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MPC Research and Technology Transfer Focuses on the Disruptive and Long-Term Impacts of COVID-19 on Tribal Communities

Posted: May 19, 2021

(This article was recently featured on DOTNET, USDOT's internal communications network.)

American Indian reservations have some of the highest COVID-19 infection and fatality rates in the United States and are poorly equipped to deal with pandemics, given the high rates of poverty and limited health care options. COVID-19 has disrupted school nutrition programs and social services on reservations, worsening the disparities in health care, income, and nutrition levels.

The Mountain-Plains Consortium (MPC), U.S. DOT's regional University Transportation Center in federal region 8, has a long history of working with tribal nations to improve road maintenance, highway safety, and community livability, and is now addressing the disruptive and long-term impacts of COVID-19. MPC's 2021-2022 research program includes work with reservations in North Dakota, South Dakota, Wyoming, and Utah and is focused on several interrelated and persistent problems:

  1. Limited access to food by tribal residents and the impacts of COVID-19 on child hunger. Researchers will examine potential solutions that concentrate on supply chain improvements and public transportation options to deliver food and transport children to community centers.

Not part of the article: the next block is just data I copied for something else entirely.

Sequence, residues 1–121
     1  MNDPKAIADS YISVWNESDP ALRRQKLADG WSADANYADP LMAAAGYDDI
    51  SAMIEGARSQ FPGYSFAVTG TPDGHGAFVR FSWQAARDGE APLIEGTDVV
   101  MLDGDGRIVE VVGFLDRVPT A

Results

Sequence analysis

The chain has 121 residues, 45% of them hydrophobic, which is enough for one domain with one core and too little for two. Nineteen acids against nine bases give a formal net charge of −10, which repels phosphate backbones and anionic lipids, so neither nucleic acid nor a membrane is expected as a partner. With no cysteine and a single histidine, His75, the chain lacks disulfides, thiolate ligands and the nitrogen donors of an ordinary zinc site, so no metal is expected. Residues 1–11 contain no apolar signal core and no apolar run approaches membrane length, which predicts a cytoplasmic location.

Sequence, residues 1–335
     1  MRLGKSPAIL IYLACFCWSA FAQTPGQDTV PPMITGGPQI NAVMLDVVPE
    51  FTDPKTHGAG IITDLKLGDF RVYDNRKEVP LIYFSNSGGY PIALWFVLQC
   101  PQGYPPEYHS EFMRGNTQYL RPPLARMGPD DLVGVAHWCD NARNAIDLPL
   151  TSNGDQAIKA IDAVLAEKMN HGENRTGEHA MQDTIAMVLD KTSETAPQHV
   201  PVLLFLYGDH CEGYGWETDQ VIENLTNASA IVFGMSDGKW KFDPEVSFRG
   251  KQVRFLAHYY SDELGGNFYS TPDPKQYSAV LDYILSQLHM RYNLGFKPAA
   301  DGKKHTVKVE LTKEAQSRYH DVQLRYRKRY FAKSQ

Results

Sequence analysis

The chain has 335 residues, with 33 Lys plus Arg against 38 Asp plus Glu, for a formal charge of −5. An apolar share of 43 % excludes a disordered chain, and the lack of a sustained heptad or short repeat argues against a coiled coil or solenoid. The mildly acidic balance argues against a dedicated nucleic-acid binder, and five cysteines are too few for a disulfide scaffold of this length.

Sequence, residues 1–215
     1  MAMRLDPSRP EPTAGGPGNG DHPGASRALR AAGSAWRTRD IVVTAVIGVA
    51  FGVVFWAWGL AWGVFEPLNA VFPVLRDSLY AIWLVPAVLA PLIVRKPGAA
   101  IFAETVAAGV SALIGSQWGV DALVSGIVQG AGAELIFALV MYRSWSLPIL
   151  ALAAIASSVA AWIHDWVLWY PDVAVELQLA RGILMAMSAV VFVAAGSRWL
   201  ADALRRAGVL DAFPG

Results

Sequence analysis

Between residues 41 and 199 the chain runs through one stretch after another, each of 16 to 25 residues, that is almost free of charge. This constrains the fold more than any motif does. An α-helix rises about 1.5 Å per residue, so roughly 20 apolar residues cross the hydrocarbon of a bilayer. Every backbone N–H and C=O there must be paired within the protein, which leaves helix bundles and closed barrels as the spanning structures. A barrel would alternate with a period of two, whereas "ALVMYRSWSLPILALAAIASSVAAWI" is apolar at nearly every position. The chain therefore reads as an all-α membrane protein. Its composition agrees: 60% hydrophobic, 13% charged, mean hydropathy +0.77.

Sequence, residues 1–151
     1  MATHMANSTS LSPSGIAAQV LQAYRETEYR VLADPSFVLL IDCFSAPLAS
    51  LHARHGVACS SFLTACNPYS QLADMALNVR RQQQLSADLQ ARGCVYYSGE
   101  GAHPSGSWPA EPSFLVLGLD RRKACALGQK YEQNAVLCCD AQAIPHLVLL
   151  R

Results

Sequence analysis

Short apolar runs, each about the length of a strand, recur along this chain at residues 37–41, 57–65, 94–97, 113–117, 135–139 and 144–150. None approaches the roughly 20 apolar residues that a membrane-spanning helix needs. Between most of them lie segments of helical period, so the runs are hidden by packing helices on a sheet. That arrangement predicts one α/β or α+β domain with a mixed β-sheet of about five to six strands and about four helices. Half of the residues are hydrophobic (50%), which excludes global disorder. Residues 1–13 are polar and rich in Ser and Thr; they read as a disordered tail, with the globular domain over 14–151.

2. Inadequate pedestrian access to clinics, community centers, and other essential services. The lack of sidewalks and pedestrian crossings on reservations forces residents to walk on roads with large trucks, poor signage, and less-than-ideal geometry.
  3. The impacts of dust from large trucks traveling unpaved roads on nearby residents and pedestrians. Road dust is especially concerning given the high incidence of COVID-19 on Indian reservations and the effects of particulate matter on weakened respiratory systems.
  4. The lack of GIS road planning and asset management tools to facilitate routing for food service delivery, emergency response services, and access to clinics.
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